Oracle Ownership

ORCL
 Stock
  

USD 80.07  1.29  1.64%   

Some institutional investors establish a significant position in stocks such as Oracle in order to find ways to drive up its value. Retail investors, on the other hand, need to know that institutional holders can own millions of shares of Oracle, and when they decide to sell, the stock will often sell-off, which may instantly impact shareholders' value. So, traders who get in early or near the beginning of the institutional investor's buying cycle could potentially generate profits. Please check Your Equity Center.
  
The value of Payment of Dividends and Other Cash Distributions is expected to pull down to about (3 B). The value of Dividend Yield is estimated to pull down to 0.018. Oracle Weighted Average Shares is relatively stable at the moment as compared to the past year. The company's current value of Weighted Average Shares is estimated at 3.81 Billion. Weighted Average Shares Diluted is expected to hike to about 3.9 B this year, although the value of Issuance Purchase of Equity Shares will most likely fall to (16.9 B).
Oracle owns a total of two billion six hundred ninety-six million one hundred sixty-nine thousand nine hundred eighty-four outstanding shares. Oracle has significant amount of outstanding shares owned by insiders. An insider is usually defined as a CEO, other corporate executive, director, or institutional investor who own at least 10% of the company outstanding shares. Since such a large part of the company is owned by insiders, it is advisable to analyze if each of these insiders have been buying or selling the stock in recent months. Please note that no matter how much assets the company maintains, if the real value of the company is less than the current market value, you may not be able to make money on it.
Please note, institutional investors have a lot of resources and new technology at their disposal. They can put in a lot of research and financial analysis when reviewing investment options. There are many different types of institutional investors, including banks, hedge funds, insurance companies, and pension plans. One of the main advantages they have over retail investors is the fees paid for trades. As they are buying in large quantities, they can manage their cost more effectively.

Oracle Stock Ownership Analysis

About 43.0% of the company outstanding shares are owned by corporate insiders. The company has Price/Earnings To Growth (PEG) ratio of 1.48. Oracle last dividend was issued on the 11th of October 2022. The entity had 2:1 split on the 13th of October 2000. Oracle Corporation offers products and services that address enterprise information technology environments worldwide. Oracle Corporation was founded in 1977 and is headquartered in Austin, Texas. Oracle operates under SoftwareInfrastructure classification in the United States and is traded on New York Stock Exchange. It employs 143000 people. To find out more about Oracle contact Mark Hurd at 737 867 1000 or learn more at https://www.oracle.com.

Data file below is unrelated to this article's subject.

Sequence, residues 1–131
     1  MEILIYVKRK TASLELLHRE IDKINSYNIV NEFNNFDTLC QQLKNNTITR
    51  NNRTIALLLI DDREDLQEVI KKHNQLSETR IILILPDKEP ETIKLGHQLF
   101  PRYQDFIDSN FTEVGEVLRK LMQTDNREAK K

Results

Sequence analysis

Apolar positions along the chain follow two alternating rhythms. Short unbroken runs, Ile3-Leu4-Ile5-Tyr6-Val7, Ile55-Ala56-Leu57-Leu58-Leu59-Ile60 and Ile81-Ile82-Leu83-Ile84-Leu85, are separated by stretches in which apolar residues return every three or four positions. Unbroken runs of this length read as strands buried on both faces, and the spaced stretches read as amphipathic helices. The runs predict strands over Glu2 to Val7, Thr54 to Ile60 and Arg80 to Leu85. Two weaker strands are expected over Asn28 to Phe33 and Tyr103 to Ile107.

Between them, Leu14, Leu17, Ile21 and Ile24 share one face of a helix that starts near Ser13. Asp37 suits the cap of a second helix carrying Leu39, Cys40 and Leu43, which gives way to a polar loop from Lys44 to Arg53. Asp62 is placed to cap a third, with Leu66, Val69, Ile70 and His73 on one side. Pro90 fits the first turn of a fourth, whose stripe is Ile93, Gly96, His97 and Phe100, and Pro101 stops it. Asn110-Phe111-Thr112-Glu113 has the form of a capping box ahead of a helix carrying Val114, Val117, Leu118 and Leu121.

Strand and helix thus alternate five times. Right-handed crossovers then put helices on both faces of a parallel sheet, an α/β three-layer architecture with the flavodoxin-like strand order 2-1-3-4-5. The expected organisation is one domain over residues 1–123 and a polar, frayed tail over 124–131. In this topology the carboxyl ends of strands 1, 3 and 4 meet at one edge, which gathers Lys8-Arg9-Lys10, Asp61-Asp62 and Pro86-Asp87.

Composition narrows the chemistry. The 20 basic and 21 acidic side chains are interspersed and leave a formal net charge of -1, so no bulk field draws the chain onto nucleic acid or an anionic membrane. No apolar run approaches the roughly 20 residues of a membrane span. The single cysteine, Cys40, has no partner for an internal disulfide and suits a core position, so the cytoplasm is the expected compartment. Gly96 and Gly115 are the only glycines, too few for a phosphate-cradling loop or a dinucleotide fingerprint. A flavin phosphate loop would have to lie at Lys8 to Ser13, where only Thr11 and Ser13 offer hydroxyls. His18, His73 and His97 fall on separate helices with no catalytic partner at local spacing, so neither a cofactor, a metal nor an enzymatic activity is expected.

Oracle Insider Trading Activities

Some recent studies suggest that insider trading raises the cost of capital for securities issuers and decreases overall economic growth. Trading by specific Oracle insiders, such as employees or executives, is commonly permitted as long as it does not rely on Oracle's material information that is not in the public domain. Local jurisdictions usually require such trading to be reported in order to monitor insider transactions. In many U.S. states, trading conducted by corporate officers, key employees, directors, or significant shareholders must be reported to the regulator or publicly disclosed, usually within a few business days of the trade. In these cases Oracle insiders are required to file a Form 4 with the U.S. Securities and Exchange Commission (SEC) when buying or selling shares of their own companies.
Edward Screven over three months ago via Macroaxis 
Exercise or conversion by Edward Screven of 62500 shares of Oracle subject to Rule 16b-3
Edward Screven over three months ago via Macroaxis 
Exercise or conversion by Edward Screven of 50000 shares of Oracle subject to Rule 16b-3
Edward Screven over three months ago via Macroaxis 
Exercise or conversion by Edward Screven of 50000 shares of Oracle subject to Rule 16b-3
Edward Screven over three months ago via Macroaxis 
Exercise or conversion by Edward Screven of 280826 shares of Oracle subject to Rule 16b-3
Edward Screven over three months ago via Macroaxis 
Exercise or conversion by Edward Screven of 419174 shares of Oracle subject to Rule 16b-3
Dorian Daley over three months ago via Macroaxis 
Exercise or conversion by Dorian Daley of 42500 shares of Oracle subject to Rule 16b-3
Safra Catz over three months ago via Macroaxis 
Exercise or conversion by Safra Catz of 980000 shares of Oracle subject to Rule 16b-3
Lawrence Ellison over three months ago via Macroaxis 
Exercise or conversion by Lawrence Ellison of 7000000 shares of Oracle subject to Rule 16b-3
Safra Catz over three months ago via Macroaxis 
Exercise or conversion by Safra Catz of 1000000 shares of Oracle subject to Rule 16b-3
Edward Screven over six months ago via Macroaxis 
Acquisition by Edward Screven of 1540 shares of Oracle subject to Rule 16b-3
Renee James over six months ago via Macroaxis 
Sale by Renee James of 6000 shares of Oracle
Awo Ablo over six months ago via Macroaxis 
Acquisition by Awo Ablo of 713 shares of Oracle subject to Rule 16b-3

Oracle Outstanding Bonds